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    PLEASE GIVE ME NEGATIVE REP!

  10. #1110
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    Quote Originally Posted by muzzanic View Post
    IMO if you are thinking you should have gone Arch EX then you are on the wrong bike.
    I agree with this. The Prime is a great climber. But it's not a lightweight XC/trail frame.
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  11. #1111
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    Quote Originally Posted by unrooted View Post
    Well that's good to hear that the flow ex has more upsides than just durability. I wish I could ridey bike! Maybe a butt cold night ride? Otherwise it'll be over a week wait!
    I still do about 70% of my ridding at night, I love the dark & it makes ridding time easier to find
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  12. #1112
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    Quote Originally Posted by muzzanic View Post
    IMO if you are thinking you should have gone Arch EX then you are on the wrong bike.
    Agreed! Put another way....if you go lighter than flows, you will inevitably feel the wheels flex while the frame holds true- not good. Carbon rims can get you even more stiffness, at that same weight. But I don't think you can save much weight without undermining the frame, in terms of stiffness.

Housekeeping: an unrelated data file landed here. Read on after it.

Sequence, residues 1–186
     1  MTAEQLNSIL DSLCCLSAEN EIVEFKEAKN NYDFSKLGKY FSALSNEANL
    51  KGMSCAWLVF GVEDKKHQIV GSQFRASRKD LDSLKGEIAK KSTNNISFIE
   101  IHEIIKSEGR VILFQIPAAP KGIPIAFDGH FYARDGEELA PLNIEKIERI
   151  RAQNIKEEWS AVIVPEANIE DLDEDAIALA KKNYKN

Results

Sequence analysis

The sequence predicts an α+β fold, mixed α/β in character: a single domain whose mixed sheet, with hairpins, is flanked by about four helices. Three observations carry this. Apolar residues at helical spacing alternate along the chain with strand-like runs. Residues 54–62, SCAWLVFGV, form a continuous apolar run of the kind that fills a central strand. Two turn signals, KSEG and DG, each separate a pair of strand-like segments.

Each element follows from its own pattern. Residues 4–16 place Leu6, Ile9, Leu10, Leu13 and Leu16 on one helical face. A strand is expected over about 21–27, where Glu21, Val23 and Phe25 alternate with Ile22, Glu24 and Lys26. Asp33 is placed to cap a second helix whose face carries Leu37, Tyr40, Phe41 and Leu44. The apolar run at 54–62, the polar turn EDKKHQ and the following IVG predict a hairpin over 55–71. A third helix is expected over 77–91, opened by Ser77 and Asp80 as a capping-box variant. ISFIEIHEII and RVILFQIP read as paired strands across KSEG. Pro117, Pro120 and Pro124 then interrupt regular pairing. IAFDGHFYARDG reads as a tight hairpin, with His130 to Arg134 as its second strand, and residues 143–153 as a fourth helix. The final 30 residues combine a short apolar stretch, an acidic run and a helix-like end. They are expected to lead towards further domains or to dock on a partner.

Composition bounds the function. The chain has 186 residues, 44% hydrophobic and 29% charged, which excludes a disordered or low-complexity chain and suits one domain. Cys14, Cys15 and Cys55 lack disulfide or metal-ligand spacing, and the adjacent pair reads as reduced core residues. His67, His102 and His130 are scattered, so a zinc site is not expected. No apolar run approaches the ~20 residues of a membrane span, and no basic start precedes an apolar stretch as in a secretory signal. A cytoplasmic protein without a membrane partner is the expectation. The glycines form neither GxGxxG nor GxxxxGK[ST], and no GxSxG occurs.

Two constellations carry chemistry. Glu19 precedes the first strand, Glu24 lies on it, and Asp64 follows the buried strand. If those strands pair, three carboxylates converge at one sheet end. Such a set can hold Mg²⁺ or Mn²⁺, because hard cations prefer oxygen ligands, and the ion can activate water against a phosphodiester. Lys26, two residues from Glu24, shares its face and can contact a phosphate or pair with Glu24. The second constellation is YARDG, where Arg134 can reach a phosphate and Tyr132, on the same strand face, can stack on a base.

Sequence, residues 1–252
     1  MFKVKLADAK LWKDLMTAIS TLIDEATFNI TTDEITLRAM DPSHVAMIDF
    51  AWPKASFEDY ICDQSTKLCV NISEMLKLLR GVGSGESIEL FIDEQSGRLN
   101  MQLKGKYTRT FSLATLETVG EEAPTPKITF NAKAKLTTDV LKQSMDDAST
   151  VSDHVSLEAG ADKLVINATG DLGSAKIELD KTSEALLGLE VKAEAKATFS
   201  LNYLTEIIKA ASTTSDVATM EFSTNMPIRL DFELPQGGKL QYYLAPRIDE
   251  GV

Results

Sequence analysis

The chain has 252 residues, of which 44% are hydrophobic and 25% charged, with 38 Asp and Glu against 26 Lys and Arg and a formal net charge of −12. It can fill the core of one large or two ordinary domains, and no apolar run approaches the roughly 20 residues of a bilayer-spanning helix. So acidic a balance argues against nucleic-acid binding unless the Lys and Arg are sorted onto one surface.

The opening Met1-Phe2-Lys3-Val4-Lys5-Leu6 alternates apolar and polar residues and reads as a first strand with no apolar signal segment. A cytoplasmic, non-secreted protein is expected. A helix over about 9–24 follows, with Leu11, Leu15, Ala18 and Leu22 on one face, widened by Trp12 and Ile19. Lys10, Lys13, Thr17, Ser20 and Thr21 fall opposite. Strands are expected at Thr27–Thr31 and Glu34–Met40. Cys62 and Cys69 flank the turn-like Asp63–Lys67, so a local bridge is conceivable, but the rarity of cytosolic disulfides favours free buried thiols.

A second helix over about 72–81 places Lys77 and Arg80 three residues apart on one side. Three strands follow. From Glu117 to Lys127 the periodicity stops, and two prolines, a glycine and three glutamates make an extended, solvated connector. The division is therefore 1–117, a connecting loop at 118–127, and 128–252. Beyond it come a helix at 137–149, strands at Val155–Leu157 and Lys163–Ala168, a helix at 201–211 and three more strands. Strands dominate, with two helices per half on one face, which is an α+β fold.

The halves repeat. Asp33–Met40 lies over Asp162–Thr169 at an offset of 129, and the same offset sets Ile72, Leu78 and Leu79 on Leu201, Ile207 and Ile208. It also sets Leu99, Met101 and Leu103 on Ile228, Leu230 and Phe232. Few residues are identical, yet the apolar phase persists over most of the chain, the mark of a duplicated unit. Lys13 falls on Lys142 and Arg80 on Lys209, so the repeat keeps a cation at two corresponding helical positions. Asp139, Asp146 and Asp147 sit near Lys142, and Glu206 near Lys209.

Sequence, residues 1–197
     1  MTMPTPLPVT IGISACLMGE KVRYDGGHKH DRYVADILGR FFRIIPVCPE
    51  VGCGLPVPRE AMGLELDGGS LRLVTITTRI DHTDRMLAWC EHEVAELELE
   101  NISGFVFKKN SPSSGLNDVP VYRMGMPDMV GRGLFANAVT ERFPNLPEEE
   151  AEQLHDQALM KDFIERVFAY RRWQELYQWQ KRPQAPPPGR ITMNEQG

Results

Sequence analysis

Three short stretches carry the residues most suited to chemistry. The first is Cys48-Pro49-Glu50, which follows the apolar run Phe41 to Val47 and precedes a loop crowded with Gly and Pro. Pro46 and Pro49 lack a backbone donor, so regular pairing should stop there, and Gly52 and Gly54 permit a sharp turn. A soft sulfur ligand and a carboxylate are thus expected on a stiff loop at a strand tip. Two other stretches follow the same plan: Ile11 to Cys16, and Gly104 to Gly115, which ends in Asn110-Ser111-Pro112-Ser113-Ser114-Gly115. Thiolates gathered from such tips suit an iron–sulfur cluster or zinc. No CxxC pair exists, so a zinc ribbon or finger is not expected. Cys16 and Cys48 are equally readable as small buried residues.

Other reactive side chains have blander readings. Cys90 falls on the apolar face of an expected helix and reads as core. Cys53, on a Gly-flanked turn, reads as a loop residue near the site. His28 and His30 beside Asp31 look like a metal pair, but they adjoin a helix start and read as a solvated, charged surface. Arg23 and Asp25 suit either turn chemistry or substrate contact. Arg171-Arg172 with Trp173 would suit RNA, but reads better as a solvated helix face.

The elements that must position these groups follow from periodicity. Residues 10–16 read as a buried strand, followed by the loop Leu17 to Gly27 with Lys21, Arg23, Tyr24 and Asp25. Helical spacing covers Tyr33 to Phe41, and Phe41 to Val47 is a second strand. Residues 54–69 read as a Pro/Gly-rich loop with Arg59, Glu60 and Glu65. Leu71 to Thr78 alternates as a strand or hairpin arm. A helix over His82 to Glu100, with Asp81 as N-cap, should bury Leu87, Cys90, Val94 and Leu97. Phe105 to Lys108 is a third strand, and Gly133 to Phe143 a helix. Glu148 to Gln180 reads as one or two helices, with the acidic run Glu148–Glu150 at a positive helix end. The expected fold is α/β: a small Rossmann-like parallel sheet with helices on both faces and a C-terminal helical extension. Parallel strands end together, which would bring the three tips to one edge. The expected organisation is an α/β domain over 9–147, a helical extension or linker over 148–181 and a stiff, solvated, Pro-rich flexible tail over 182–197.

I think I can get my medium prime down below 31lbs without compromise, but I'm 175lbs and thats with a 1x drivetrain- so 32 for an XL is totally reasonable.

    I have ridden well-reviewed AM 29'ers, including carbon ones, and easily flexed the tires into the seat/chain stays while cornering. You won't have that problem with the prime and flows.

  13. #1113
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    Absolutely agree, Prime is definitely a Flow kind of bike, anything lighter/narrower and you really are neutering it. FYI, my pre-production XL weighed in just a shade over 34lbs with full XT build, Flow/Pro2 wheels and pedals, so you're right at around 32.5lbs with the production frame. Don't let the weight discourage you, it climbs like a goat (tweaks were made to production, so is even better) and as you say, you will get stronger because of it and when you point it down, there is no stopping it, just hold on tight As FM said, stiff as all get out, you will hold lines in the chunk like you've never done before, it will inspire you to want to try/do more, be careful and do not let it lead you too far out of your comfort zone to quickly
    Quote Originally Posted by muzzanic View Post
    IMO if you are thinking you should have gone Arch EX then you are on the wrong bike.
    Save up for some Light Bike carbon rims & get the light & stiff feel from your wheel set.
    Quote Originally Posted by evasive View Post
    I agree with this. The Prime is a great climber. But it's not a lightweight XC/trail frame.
    Quote Originally Posted by FM View Post
    I think I can get my medium prime down below 31lbs without compromise, but I'm 175lbs and thats with a 1x drivetrain- so 32 for an XL is totally reasonable.

    I have ridden well-reviewed AM 29'ers, including carbon ones, and easily flexed the tires into the seat/chain stays while cornering. You won't have that problem with the prime and flows.